(18) See Bruce A. Newman, Against That "Powerful Engine of Despotism" 21 (2007) (providing Fourth Amendment history and demonstrating that the vast majority of cases decided prior to the twentieth century were considered local matters).

(19) See Wolf v. Colorado, 338 U.S. 25, (1949) (applying the Fourth Amendment to the states); Mapp v. ohio, 367 U.S. 643, 655 (1961) (overturning part of Wolf but reinforcing the notion that the Fourth Amendment applies to the states through the Fourteenth Amendment). In Mapp, the local police department conducted a warrantless search of the defendant's home. See id .at 64445. In reviewing the appeal for a motion to suppress, the Supreme Court determined that the exclusionary rule, as applied to the Federal government in Weeks v. United States, also applied to the state governments. See id. at 655. See also Weeks v. United States, 232 U.S. 383, 393 (1914) (discussing a court's right to exclude evidence obtained by a United States marshal through a warrantless search of a defendant's home).

(20) See Kyllo v. United States, 533 U.S. 27, 31 (2001) (stating that "well into the 20th century, our Fourth Amendment jurisprudence was tied to common-law trespass.").

(21) See olmstead v. United States, 277 U.S. 438, 466 (1928) (holding that warrantless wiretapping of the defendant's telephone did not amount to a Fourth Amendment search or seizure because there was no seizure of tangible items or a physical invasion). But see id. at 478-80 (Brandeis, J., dissenting) (recognizing the limitations of analyzing the Fourth Amendment only through trespass). Justice Brandeis argued in his dissent that if Fourth Amendment analysis did not adapt, the protection against gross encroachments afforded by the Constitution would be negated by modern technology. See Polyviou, supra note 14, at 23.

(22) See April A. Otterberg, Note, GPS Tracking Technology: The Case for Revisiting Knotts and Shifting the Supreme Court Theory of the Public Space Under the Fourth Amendment, 46 B.C. L. Rev. 661, 672 (2005) (presenting a framework for the Court's Fourth Amendment violation analysis).

(23) Id. at 672. See also Olmstead, 277 U.S. at 465-66 (discussing precedent where there was a trespass but no search of a person, house, papers or effects); Goldman v. United States, 316 U.S. 129, 134-35 (1942) (declining to distinguish Goldman from Olmstead).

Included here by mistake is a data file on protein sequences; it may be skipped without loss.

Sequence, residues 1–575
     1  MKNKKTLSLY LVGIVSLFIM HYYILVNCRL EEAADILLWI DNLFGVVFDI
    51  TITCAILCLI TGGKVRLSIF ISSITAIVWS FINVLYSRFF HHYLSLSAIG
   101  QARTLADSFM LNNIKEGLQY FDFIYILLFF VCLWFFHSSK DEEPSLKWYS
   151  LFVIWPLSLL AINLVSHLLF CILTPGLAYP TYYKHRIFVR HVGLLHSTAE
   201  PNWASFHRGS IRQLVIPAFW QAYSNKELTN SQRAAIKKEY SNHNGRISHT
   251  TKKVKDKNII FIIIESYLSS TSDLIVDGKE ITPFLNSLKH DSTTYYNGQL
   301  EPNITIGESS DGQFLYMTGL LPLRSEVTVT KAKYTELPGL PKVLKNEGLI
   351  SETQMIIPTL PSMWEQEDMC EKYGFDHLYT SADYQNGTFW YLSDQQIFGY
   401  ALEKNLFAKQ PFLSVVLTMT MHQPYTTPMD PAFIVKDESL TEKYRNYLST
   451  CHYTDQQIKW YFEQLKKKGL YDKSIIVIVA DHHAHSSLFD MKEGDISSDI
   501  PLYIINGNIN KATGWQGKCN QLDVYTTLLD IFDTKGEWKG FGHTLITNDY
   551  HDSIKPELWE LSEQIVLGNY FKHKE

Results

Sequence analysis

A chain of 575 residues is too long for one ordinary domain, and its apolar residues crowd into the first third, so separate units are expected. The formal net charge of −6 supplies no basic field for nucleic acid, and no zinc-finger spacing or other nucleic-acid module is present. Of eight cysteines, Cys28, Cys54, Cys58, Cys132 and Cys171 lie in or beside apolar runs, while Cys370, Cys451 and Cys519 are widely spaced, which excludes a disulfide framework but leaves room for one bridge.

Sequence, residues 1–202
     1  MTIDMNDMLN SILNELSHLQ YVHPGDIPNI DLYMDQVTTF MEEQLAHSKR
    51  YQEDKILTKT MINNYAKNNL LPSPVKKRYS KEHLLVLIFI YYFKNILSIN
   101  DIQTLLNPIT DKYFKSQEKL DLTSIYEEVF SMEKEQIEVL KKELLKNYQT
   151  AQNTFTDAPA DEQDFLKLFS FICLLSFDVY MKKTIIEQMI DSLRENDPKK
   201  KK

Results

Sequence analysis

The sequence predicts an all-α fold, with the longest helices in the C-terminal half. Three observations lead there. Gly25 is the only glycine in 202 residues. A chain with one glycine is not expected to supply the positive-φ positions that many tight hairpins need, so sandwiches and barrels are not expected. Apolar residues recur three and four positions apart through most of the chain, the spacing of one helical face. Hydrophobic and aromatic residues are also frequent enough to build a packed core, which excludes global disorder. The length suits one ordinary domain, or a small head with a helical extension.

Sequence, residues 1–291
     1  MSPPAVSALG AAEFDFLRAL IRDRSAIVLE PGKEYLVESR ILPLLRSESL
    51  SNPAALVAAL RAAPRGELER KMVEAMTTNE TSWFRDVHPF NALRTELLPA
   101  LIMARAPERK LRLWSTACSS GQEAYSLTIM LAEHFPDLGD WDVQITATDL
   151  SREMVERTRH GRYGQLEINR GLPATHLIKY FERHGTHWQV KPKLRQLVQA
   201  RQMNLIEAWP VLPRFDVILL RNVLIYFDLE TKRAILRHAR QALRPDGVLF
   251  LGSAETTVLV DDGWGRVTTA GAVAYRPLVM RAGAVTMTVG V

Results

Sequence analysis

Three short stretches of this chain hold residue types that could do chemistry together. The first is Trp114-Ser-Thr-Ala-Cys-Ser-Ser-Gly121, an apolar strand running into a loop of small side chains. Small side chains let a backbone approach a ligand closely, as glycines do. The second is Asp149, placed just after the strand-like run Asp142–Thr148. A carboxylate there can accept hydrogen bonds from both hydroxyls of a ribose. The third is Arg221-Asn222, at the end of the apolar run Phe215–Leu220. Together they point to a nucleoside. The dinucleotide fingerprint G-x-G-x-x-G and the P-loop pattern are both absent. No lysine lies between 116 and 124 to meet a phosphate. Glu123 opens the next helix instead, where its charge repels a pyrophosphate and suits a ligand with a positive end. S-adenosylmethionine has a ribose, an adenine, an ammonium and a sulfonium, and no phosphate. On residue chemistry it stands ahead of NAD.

(24) See 389 U.S. 347, 353 (1967) (overruling Olmstead and Goldman because the "trespass" doctrine is no longer effective for analyzing Fourth Amendment cases).

(25) See id. at 348 (summarizing the charges against the defendant). Katz was charged with violating 18 U.S.C. [section] 1084. See id. at 348 n.1. The statute makes it a crime to transmit betting or wagering information in interstate commerce over wire communications. See 18 U.S.C. [section] 1084(b) (2011).

(26) See Katz, 389 U.S. at 348 (detailing the investigation techniques used by law enforcement in the case).

(27) See id. at 348-49 (providing the rationale used by the appellate court in their decision to uphold the conviction).

(28) Id. at 353 (referring to Olmstead and Goldman).

(29) See id. at 353 (declaring that the Fourth Amendment does not only apply to a physical intrusion upon a given enclosure).

(30) See id. at 351 (explaining that the parties erroneously argued over whether the phone booth was a "'constitutionally protected' area" when analysis should have been based on whether Katz had knowingly exposed the private information to the public).

(31) See Cardwell v. Lewis, 417 U.S. 583, 589 (1974) (relying on Katz to declare that the Fourth Amendment is concerned with the protection of privacy rather than property rights).

(32) See Kyllo, 533 U.S. at 33 (describing Justice Harlan's concurrence in Katz that established this standard). See also Katz, 389 U.S. at 361 (Harlan, J., concurring) (premising the subjective expectation of privacy in Fourth Amendment analysis). Justice Harlan's analysis became law when the position was adopted by the Court in Smith v. Maryland. See 442 U.S. 735, 739-40 (1979).

(33) See Renee McDonald Hutchins, Tied Up in Knotts? GPS Technology and the Fourth Amendment, 55 UCLA L. Rev. 409, 427 (2007) (explaining how the Court interpreted the Katz decision, relied upon the Harlan concurrence as law, and established the doctrine as valid precedent).

(34) See id. at 428 (detailing how the Court makes an assessment of an individual's subjective expectation of privacy).

(35) See id. at 428 (providing examples such as "erecting fences" or "packaging contraband in closed luggage").